Your Triathlon Support Group

Training with a group can provide the extra motivation needed to push through a training program and reap the rewards of completing your first triathlon.  A group can also help you to improve your technique more quickly.

In this chapter, the authors suggest ways to create a support network for your training in swimming, biking, and running that includes various clubs as well as your family, friends, and co-workers.

Swim

The chapter on swimming covers the basic elements of an efficient stroke with illustrations for a proper freestyle technique.  I appreciated the suggestion for travelling and swimming, especially the advice for making use of the typical small hotel pool.

Interestingly, many triathletes find swimming to be their weakest sport.  If you are in that group, get comfortable with the being in the water and with swimming with other people as you will experience on race day.  Whether swimming in a pool or in open water, you will inevitably come close to, if not in contact with, other swimmers.  Staying calm is the key to finishing the swim.

If the race you choose includes an open water swim, you will want to practice swimming in open water to become familiar with sighting.   For safety reasons, I recommend adding the ISHOF Safe Swimmer (see also below) to your list of gear.

Bike

Most of us know how to ride a bicycle.  However, many have never ridden in a large group at speeds associated with a triathlon.

Therefore, the focus of this chapter is safety.  According to the authors, safety in biking begins with a review of the various components of the bicycle to make sure that they are each in good working order.   They also describe the most important cycling skills and suggestions on how to hone these, both individually and in group rides.

When riding on the road in traffic, you need to follow the rules of the road as if you were driving a car. (page 78)

Run

We all no how to run. Right?  Well, not necessarily in a way that is the most efficient or that minimizes the possibility for injuries.  About half of this chapter is dedicated to proper cadence (steps per minute) and body form.  The rest of the chapter introduces training with a heart rate monitor and training involving the three run types included in the weekly training plans.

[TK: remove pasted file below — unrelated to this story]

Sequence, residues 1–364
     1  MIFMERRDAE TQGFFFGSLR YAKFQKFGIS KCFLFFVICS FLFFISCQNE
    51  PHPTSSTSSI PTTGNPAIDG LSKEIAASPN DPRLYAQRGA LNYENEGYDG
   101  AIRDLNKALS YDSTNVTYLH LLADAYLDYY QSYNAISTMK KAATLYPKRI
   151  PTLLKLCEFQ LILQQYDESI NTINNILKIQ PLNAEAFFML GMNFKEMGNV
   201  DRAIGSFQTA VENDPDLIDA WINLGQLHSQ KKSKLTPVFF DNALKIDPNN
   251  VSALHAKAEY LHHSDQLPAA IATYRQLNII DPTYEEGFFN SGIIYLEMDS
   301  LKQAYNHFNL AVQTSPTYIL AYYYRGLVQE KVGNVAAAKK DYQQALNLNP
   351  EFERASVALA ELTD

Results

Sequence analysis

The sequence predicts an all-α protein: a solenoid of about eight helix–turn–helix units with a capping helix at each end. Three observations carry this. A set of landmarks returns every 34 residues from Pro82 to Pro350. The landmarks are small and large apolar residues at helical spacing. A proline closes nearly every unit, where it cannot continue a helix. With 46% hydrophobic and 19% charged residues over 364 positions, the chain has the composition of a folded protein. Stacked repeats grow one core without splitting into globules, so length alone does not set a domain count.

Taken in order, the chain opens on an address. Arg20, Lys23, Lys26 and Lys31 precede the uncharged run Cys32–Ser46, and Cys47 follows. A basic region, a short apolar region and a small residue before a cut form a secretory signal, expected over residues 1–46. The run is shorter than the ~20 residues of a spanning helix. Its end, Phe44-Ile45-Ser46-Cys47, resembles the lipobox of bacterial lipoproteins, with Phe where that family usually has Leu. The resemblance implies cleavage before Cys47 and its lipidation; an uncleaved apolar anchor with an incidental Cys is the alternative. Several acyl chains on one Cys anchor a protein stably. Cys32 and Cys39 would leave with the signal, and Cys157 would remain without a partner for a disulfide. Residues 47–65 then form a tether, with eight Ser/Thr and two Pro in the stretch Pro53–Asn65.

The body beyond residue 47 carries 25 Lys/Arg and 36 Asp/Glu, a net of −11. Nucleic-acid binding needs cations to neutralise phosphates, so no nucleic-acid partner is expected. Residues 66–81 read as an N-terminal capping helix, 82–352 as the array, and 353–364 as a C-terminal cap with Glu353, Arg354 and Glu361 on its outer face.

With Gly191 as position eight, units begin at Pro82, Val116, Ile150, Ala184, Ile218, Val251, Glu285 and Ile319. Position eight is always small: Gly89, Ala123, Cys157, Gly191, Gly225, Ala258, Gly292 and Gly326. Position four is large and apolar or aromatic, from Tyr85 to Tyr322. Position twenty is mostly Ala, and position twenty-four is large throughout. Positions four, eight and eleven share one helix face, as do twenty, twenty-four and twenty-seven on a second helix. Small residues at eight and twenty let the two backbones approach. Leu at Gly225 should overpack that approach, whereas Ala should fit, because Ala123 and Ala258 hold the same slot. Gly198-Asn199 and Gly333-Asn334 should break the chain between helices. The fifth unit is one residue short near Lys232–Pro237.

If you take one thing from this chapter, remember to progress slowly (the ‘10% per week’ rule) in order to minimize the likelihood of injury.  Unfortunately, we need to be reminded of this every so often.

Strength and Flexibility

Building strength and increasing flexibility are two keys to increasing your performance in triathlon.   For many of us who spend a lot of time sitting during their work day, lack of flexibility can be the major root cause of injury.   The authors show that a relatively small amount of time spent in strength training and stretching can lead to better performance and fewer injuries.  Plus, these are another way to ‘mix it up’ and keep the training interesting and fresh.

Nutrition and Rest

If we all no how to run, most of us are even better at fueling (aka eating).  The challenge is to eat properly.  It becomes even more complicated when we are exercising, burning more calories, trying to build muscle, and recovering from the stress of training.

Triathlon training can be a great way to shed pounds and improve your health.   Eating the right foods in the right amount and at the right time is the focus of this chapter.  As the authors so clearly write “Although your daily caloric burn will certainly increase based on your training volume, you don’t have a license to hit the buffet for every meal”.

The chapter begins by showing us how to calculate two important numbers related to exercise – resting metabolic rate (RMR) and caloric burn rate.  The authors discuss how to eat (or ‘fuel’ as they define it) throughout the day, including before, during, and after workouts.  Sample menus for triathlon training days help to illustrate the principles of proper fueling.

The chapter concludes with a discussion about the importance of rest within a process known as periodization.  The authors even provide a simple test to help us determine when our body is telling us to take a day of rest.

If you do not get adequate rest, the muscles will fatigue and eventually fail, resulting in injury. (page 139)

Training plans

It’s now time to put the information from the previous chapters together and begin to train for your first triathlon.   Sample 8-week training plans are provided for bronze-, silver-, and gold-level athletes for both sprint and standard distance triathlons.    I appreciate that the authors show readers how they can tailor the plans to meet their particular strengths and weaknesses and their individual schedules.

Preparing to race

I love this section as the authors take us down the ‘home stretch’ in the new triathlete’s quest to complete their first race.

Filled with practical advice, the authors walk us through the two weeks leading up to the race.  With greater detail for race day, you can feel the thrill that begins upon waking and includes crossing the finish line and heading to the refreshment area for a cold drink and banana.

 

Why get this book?

Train To Tri is pragmatic and focused.  It includes the essential information for each of the sports of a triathlon seasoned with the nuances of practicing them within a triathlon.

You can trust the USAT-certified coaches with this ‘no-nonsense’ guide.